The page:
Even the most cursory glance at any company brochure repeatedly throws up the word “excellence” or synonyms of it. The pursuit of excellence, perfection and rigour are much-celebrated aspirations, as they should be.
Performance appraisal systems across companies and industries also stress on individual excellence as a mark of progress. Of course, many of these aspirations might stay unrealized, but the brand value of perfection as the ideal goal is definitely well established.
The belief is that a distinctive professional stands apart from the pack because they’re driven to produce work that is superlative. Anyone who operates this way deserves our enthusiastic admiration and awe. They are worthy role models.
Yet, an obsession with rigour and excellence can also lead to the tendency to boil the ocean. Equally, paralysis by analysis can be a consequence of the cult of excellence. Attention to detail, for example, could lead someone to indecisiveness and inaction.
At the other end of this rigour spectrum is the need for speed, for action and for growth. The practice of doing “just enough” to get by is a norm too. Of course, scaling up rapidly has its own success, especially when it comes to creating new businesses, more so in the digital age. Yet, this speed comes with its own costs.
Managers, who take “gut calls” and fearless decisions, and look like action heroes in the near term, usually end up with more “misses” than “hits” in the long term. The business landscape is littered with companies that lost their way, flaming out and destroying investor wealth in the unthinking quest for rapidly moving forward and scaling up.
Individual careers have been similarly destroyed too.
The trade-off between being quick-footed and quality-obsessed is then an important one, as change, ambiguity and disruption becomes part of the course for organizations. Modern workplaces demand that you do both.
We call this powerful blend—combining working hard and working smart—agile rigour.
The need for you to get things done, and do so with a certain standard are, of course, important. Practising agile rigour would suggest an added quality—the ability to tweak and edit ideas and solutions that might have already been implemented, but need a rethink almost as they are being put into action.
In the world of technology, especially computer programming, agile methodology is now almost universally considered the smart way to build. It makes software engineering more flexible and efficient; and with nearly nine out of 10 organizations agile, it has become the industry standard for project management.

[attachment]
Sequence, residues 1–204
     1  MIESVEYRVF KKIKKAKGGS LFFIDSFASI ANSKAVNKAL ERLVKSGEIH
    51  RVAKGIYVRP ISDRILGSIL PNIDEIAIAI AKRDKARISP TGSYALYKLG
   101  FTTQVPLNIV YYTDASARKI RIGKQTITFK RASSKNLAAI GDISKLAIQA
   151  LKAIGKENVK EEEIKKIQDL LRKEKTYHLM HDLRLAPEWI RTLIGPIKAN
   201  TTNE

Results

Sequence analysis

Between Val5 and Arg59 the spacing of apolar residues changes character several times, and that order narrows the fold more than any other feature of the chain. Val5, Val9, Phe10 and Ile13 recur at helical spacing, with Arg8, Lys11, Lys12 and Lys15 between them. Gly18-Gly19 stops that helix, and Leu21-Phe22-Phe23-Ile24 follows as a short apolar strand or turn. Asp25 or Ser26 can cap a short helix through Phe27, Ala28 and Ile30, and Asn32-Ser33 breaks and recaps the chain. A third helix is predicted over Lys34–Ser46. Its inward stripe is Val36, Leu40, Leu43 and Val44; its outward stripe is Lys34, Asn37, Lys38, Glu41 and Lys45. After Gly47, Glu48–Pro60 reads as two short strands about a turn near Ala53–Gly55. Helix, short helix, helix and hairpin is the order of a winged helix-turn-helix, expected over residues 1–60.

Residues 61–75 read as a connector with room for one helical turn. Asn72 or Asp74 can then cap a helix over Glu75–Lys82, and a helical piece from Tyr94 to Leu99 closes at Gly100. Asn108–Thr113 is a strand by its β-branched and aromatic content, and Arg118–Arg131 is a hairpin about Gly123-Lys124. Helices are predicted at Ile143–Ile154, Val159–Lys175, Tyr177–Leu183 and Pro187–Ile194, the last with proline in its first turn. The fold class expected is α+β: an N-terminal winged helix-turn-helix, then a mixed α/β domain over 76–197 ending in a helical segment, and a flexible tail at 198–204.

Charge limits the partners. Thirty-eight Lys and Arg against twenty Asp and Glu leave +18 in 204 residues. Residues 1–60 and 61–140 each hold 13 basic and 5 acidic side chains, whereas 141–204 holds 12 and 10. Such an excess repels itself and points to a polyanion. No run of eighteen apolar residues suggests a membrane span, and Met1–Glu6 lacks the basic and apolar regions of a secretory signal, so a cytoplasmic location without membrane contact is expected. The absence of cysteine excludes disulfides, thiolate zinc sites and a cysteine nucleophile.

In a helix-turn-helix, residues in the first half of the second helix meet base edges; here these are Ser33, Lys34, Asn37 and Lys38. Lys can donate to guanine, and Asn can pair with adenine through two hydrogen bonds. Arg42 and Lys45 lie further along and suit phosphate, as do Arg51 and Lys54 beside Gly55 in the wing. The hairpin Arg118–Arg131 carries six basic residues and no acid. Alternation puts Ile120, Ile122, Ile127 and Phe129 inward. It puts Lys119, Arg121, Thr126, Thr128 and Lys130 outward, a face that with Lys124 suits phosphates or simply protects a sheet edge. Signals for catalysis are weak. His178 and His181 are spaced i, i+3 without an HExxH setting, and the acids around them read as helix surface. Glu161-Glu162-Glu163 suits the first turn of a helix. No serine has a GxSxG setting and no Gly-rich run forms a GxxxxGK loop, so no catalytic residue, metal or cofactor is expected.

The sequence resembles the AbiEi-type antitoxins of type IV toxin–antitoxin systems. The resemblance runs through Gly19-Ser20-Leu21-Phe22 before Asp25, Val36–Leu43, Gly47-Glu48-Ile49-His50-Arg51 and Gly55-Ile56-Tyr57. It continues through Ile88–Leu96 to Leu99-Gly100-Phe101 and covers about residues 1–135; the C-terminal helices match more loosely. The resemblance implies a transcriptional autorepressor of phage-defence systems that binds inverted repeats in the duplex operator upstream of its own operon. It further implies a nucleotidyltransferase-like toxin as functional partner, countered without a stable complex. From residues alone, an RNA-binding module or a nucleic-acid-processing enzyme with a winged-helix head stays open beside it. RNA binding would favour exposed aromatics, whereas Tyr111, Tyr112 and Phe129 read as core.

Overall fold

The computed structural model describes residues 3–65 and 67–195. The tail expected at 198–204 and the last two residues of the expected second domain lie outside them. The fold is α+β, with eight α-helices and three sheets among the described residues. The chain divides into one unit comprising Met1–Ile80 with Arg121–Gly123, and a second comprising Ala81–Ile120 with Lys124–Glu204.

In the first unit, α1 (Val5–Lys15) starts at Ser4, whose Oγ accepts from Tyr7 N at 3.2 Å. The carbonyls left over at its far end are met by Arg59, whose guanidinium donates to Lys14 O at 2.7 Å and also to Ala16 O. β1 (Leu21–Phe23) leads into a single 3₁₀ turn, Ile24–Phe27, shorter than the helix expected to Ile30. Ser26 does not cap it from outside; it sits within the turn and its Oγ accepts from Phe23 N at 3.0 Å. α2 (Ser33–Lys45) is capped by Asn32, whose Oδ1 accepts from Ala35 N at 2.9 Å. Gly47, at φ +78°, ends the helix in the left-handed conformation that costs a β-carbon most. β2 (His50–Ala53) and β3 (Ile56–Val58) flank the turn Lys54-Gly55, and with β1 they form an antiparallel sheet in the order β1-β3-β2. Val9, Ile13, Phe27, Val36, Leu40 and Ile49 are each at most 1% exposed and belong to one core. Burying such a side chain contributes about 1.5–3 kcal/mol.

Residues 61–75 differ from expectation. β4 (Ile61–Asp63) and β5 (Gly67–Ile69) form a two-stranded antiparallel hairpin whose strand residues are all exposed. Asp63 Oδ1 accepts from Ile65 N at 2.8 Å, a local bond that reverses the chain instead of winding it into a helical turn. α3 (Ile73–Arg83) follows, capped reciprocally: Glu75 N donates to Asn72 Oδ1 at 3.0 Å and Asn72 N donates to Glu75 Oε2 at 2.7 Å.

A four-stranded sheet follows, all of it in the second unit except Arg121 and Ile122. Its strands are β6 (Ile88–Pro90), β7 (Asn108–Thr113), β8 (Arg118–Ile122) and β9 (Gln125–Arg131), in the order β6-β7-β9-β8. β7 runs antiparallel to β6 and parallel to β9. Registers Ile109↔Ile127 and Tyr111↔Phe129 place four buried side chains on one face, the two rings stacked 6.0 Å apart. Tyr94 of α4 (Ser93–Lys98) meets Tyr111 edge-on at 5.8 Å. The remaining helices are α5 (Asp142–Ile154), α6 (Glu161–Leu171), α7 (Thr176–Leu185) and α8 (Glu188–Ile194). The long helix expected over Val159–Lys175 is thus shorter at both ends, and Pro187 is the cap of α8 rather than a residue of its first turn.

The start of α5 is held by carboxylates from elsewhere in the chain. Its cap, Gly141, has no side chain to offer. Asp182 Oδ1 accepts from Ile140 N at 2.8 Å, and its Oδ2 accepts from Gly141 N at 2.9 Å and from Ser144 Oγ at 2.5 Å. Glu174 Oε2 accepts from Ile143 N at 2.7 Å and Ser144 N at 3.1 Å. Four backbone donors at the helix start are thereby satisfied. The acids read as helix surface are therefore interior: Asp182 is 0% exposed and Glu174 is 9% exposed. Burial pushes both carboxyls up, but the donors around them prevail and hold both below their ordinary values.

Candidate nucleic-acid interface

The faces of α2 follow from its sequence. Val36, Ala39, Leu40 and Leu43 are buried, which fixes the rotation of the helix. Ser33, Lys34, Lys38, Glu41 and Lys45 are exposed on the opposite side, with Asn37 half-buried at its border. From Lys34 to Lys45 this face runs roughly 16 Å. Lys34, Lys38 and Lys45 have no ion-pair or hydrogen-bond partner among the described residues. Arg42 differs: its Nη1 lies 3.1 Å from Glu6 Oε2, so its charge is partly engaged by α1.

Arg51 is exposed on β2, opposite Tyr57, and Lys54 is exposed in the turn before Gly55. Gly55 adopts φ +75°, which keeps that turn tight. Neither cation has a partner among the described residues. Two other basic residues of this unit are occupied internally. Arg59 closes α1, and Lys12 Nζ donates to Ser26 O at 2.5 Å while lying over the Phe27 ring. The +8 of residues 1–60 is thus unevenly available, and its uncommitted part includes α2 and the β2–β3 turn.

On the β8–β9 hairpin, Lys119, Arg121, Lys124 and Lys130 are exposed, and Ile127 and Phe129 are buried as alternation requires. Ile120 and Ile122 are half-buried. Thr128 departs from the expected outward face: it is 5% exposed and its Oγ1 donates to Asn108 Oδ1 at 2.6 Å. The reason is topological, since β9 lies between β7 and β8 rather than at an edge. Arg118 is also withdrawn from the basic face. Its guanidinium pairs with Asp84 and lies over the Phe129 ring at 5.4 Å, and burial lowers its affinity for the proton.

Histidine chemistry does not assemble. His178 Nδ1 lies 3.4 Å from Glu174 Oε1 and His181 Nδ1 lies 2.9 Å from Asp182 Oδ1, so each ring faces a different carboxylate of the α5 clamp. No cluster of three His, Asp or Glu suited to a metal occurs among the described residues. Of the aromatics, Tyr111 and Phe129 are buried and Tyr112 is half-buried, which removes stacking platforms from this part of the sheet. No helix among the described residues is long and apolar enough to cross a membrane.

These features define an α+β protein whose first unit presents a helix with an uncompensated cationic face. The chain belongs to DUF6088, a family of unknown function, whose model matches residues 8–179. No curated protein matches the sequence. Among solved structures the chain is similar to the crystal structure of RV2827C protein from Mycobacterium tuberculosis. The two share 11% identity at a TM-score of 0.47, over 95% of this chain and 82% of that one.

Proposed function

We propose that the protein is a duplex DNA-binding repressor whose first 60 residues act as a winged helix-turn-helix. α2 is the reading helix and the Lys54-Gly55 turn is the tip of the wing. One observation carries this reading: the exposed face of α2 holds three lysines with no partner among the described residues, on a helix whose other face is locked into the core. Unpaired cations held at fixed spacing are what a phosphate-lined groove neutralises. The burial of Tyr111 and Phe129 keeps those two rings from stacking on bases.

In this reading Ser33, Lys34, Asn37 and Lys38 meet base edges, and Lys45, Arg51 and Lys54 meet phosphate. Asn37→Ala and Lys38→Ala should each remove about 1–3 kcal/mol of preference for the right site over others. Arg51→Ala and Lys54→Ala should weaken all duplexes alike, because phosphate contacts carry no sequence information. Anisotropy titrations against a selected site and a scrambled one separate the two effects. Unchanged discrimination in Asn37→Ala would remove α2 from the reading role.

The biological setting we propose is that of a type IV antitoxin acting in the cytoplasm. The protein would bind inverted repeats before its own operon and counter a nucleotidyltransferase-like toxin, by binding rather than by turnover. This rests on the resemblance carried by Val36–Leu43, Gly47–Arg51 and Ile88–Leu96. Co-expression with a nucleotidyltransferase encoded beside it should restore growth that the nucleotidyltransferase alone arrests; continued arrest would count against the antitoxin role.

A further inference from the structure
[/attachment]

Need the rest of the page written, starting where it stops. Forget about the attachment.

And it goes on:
Simply, the agile way of development and project management, takes an iterative approach to software development. Agile projects consist of a number of smaller cycles—sprints. Each one of them is a project in miniature: it has a backlog and consists of design, implementation, testing and deployment stages within the pre-defined scope of work. At the end of each sprint, a potentially complete product feature is delivered. With the features being validated early in the development, the chances of delivering a potentially failed product are significantly lower.
Doing this isn’t easy, especially for talented and committed professionals, in all areas. Anybody who takes pride in their work, and feels accountable for the quality of output they generate, will find it difficult to submit work they know to not be entirely complete; or entirely perfect.
Individual contributors , especially, struggle with this. The urge for satisfaction from their work is often in conflict with the “build smart, fail fast” credo.
Being agile also requires talented professionals to be more selfless—to be guided more by the collective and shared goal of their team or organization, even when it entails them giving up their individual progress goals.
In our careers, we have worked with bosses and team leaders, who wanted options fully analysed before they would make a recommendation. They were almost afraid to decide and act because in the name of rigour they wanted to be doubly sure of their decisions.
In one case, we know of someone who built a massive and complex Excel model to simulate an entire industry and competitor moves to develop a way forward for the company. The manager was in love with the model and kept running scenario after scenario to find the “best” answer. Alas, the business situation changed significantly, and the seemingly perfect approach never saw the light of day. Rigour lost to timing.
The delicate, difficult tightrope walk between being responsive and quality-aware didn’t come easily to this professional, as it doesn’t to many of us.
Art of Work focuses on extreme choices in the workplace and offers suggestions on how to find the doable middle ground.
Pramath Raj Sinha has founded several higher education institutions and Shreyasi Singh is an author who now works in higher education.